He did fine interview with Sean O’Rourke on yesterday’s News at One, standing up to Sean’s trademark robust questioning and putting in a confident and authoritative performance on the economy. One observer described his vigorous defence of the Government as similar to his interview with O’Rourke just before the last general election, when “he ate Richard Bruton for starters”.
But there’s more. He’ll be turning up for the final Questions and Answersprogramme on Monday night. And he’s back again in RTÉ next Saturday, when he will be a guest on the final transmission of Rodney Rice’s Saturday Viewradio show. Rodney is retiring after a long and distinguished broadcasting career.
Disgruntled Fianna Fáilers let their true feelings show
However, just in case it might seem that all is sweetnesss and light in Fianna Fáil, we hear that former junior minister Maire Hoctor is not a happy parliamentary bunny at the moment.
There was talk of a heated exchange of words between Deputy Hoctor and a senior party figure in Leinster House on Wednesday, resulting in Maire storming home. Chief Whip Pat Carey says he’s heard nothing about it, but we’re more inclined to believe the colleagues who agree that Maire is “feeling terrible sour” with the party.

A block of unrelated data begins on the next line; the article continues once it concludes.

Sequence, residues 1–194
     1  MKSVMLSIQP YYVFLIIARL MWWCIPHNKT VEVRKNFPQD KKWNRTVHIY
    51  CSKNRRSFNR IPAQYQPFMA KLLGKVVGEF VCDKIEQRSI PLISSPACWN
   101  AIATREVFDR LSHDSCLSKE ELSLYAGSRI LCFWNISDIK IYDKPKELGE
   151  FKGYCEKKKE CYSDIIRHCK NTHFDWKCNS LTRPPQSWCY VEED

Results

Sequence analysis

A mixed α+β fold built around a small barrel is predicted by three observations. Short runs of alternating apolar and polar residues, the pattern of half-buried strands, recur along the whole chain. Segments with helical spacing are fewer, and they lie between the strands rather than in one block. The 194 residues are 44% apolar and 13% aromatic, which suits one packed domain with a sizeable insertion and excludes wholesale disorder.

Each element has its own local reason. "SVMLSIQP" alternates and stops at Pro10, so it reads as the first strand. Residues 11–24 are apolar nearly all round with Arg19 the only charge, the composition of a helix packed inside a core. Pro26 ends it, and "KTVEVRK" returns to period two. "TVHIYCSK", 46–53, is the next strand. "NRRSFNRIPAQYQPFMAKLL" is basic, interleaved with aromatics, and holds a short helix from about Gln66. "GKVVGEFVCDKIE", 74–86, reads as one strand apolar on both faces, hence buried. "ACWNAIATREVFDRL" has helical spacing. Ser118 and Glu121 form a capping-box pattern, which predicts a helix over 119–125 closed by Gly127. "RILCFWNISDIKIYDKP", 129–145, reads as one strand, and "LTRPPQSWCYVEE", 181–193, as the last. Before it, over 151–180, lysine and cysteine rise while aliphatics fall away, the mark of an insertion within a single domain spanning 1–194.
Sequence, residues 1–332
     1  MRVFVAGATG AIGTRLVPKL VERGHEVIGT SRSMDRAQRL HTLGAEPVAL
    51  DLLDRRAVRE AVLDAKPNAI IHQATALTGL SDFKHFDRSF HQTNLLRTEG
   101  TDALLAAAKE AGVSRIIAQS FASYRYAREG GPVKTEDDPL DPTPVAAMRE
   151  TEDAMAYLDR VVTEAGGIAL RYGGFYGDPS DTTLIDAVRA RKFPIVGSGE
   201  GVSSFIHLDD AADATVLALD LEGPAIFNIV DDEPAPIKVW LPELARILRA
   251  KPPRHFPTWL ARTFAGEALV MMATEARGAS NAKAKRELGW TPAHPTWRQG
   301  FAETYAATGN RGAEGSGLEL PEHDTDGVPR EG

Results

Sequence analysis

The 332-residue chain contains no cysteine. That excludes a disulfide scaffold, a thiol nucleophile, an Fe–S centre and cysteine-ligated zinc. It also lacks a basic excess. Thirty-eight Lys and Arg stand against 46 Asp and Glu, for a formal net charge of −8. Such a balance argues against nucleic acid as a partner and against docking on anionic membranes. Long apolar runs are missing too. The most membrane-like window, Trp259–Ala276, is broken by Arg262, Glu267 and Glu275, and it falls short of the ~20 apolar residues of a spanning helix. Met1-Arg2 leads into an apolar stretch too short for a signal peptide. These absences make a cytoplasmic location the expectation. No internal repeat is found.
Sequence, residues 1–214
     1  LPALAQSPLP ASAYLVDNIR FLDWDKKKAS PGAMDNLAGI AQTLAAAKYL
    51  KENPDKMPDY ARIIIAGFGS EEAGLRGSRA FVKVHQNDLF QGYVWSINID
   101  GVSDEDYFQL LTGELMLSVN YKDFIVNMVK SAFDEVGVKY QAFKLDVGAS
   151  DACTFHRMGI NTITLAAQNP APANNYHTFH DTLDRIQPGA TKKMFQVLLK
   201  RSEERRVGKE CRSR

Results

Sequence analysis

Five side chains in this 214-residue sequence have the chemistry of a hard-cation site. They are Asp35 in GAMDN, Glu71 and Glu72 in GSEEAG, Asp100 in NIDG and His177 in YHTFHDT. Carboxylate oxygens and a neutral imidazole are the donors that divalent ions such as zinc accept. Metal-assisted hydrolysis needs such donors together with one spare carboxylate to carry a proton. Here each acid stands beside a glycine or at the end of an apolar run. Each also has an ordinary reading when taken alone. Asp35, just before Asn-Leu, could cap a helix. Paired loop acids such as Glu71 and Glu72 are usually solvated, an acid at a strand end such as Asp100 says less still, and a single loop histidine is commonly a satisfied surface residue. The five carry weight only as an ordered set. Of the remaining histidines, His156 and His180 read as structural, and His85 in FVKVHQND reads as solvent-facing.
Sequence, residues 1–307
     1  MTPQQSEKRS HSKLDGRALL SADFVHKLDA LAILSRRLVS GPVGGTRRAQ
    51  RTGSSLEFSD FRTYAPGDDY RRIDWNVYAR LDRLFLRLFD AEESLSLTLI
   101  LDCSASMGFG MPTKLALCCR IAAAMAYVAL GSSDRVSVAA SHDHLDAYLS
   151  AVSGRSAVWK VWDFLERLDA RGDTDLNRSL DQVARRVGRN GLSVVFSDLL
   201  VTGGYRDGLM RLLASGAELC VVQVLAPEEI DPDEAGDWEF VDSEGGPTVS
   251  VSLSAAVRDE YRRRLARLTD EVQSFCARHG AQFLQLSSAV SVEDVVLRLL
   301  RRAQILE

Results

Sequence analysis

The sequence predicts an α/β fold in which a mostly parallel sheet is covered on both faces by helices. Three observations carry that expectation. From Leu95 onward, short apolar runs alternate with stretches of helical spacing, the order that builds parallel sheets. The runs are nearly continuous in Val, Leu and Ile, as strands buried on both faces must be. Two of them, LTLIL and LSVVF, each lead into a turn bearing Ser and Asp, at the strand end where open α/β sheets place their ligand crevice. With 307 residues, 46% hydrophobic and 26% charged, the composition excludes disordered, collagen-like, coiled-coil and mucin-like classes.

There are three big reasons for this. Hoctor was not happy about losing her junior ministry. The loss of that job will make it even more difficult for her to fend off the very serious competition coming from Cllr Michael Smith jnr, son of the former FF minister. Finally, she shares the constituency with Independent deputy Michael Lowry, who gets lots of little goodies thrown his way by Government to keep him sweet. That rankles.
Another unhappy camper, it seems, is maverick FF deputy John McGuinness. He went missing on Thursday.
Rasher decisions for breakfast of champions